After wildfires and pandemic, Napa County wine grape production was down by half in 2020
Last year's double whammy of the pandemic and devastating wildfires had a severe impact on Napa County's agricultural production. According to a new crop report cited by Bay City News, the value of wine grape crops dropped from $937 million in 2019 to $461 million in 2020. Production also decreased by 60,000 tons compared to 2019.
At Tuesday's Board of Supervisors meeting, Agricultural Commissioner Tracy Cleveland tied this 50% drop to the LNU Complex and Glass wildfires in Northern California last year, as well as COVID-19's economic impact. This is Napa's lowest agricultural production value since 2011, a year where grape growth was impacted by unseasonable rain.
"This (report) really puts into black-and-white the trauma that has been suffered by the grape industry here and the whole ag industry ... it really was a traumatic year," county Supervisor Brad Wagenknecht said at the meeting, according to the Napa Valley Register.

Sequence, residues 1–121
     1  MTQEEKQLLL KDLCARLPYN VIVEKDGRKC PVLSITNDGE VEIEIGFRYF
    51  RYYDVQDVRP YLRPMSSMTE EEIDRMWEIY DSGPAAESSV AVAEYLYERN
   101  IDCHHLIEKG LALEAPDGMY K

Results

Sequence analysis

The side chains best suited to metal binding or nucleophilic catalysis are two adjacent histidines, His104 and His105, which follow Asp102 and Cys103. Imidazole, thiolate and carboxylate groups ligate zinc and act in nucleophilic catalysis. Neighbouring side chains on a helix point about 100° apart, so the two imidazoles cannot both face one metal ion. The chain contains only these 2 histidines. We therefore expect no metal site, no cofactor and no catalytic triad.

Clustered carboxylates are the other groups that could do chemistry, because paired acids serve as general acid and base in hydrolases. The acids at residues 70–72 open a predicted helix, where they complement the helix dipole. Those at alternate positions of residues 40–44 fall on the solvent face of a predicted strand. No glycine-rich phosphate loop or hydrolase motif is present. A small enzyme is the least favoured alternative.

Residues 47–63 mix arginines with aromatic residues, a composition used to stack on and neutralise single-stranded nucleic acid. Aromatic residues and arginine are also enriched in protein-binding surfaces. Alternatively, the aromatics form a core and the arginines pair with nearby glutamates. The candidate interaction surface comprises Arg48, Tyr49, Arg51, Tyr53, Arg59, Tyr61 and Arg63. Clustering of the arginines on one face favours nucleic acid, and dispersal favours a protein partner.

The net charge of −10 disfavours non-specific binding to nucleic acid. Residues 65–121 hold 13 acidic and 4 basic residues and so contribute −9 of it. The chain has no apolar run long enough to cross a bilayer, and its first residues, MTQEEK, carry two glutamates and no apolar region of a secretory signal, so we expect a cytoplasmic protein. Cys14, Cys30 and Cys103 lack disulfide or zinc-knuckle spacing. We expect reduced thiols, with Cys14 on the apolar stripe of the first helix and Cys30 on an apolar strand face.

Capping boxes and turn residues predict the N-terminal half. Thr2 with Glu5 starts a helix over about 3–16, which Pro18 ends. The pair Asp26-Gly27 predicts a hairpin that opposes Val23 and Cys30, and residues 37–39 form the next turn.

Wine grapes make up 99% of Napa County's agricultural production, but it's not the only item produced in the area. While field crops and livestock production value in Napa also fell last year, vegetables saw an increase in value from 2019 to 2020, as more people visited farm stands and markets during the pandemic.
"We can recover," Cleveland said at the meeting, according to the Napa Valley Register. "I think in general, speaking holistically, Napa County, the community, the growers are very resilient. They are good at coming back and figuring things out and taking something absolutely devastating and turning it into something that they learn from."